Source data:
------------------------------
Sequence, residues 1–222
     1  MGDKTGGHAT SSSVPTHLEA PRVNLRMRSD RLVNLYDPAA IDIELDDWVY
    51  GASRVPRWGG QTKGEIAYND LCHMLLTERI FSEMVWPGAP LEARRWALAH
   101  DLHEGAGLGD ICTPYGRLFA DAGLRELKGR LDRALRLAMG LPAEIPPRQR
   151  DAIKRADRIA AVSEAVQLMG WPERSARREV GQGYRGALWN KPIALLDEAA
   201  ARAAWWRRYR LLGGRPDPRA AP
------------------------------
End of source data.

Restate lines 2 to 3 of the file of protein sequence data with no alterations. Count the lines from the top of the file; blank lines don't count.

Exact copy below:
     1  MGDKTGGHAT SSSVPTHLEA PRVNLRMRSD RLVNLYDPAA IDIELDDWVY
    51  GASRVPRWGG QTKGEIAYND LCHMLLTERI FSEMVWPGAP LEARRWALAH